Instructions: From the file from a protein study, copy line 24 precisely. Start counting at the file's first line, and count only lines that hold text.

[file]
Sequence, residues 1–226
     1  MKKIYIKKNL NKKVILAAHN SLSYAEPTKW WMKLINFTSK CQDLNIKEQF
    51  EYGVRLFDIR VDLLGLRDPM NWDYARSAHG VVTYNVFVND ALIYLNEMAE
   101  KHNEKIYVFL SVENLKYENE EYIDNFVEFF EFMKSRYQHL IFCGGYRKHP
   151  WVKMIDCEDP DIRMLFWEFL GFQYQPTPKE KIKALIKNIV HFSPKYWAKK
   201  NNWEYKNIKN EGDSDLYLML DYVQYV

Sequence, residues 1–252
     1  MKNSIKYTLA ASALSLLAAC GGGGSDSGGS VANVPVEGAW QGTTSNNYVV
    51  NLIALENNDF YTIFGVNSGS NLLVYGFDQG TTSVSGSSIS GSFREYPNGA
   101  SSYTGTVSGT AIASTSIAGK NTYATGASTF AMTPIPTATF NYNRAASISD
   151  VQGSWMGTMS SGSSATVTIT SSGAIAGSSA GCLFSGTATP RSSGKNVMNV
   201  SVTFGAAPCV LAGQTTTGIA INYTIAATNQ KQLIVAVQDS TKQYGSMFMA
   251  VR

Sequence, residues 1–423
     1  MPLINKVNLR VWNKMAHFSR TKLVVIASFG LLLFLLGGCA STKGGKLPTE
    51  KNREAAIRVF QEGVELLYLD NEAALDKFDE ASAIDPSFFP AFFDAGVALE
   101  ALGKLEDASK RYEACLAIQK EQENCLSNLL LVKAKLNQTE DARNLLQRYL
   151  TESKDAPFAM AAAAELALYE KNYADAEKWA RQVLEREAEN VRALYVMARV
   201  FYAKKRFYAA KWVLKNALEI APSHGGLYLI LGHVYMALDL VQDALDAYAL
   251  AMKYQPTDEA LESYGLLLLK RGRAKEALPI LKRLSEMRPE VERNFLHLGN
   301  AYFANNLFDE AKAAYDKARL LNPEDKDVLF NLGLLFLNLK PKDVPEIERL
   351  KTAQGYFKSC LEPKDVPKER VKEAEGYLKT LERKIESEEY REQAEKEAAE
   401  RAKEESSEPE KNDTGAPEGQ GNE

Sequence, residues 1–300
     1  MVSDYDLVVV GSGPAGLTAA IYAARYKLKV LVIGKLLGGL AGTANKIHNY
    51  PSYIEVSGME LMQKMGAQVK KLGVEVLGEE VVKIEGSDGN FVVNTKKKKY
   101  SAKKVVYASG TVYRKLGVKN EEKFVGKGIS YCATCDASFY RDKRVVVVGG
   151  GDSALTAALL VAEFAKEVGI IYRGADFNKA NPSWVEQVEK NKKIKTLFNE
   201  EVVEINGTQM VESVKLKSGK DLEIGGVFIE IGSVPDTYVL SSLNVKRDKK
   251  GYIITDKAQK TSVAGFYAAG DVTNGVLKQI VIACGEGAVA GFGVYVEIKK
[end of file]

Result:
Sequence, residues 1–300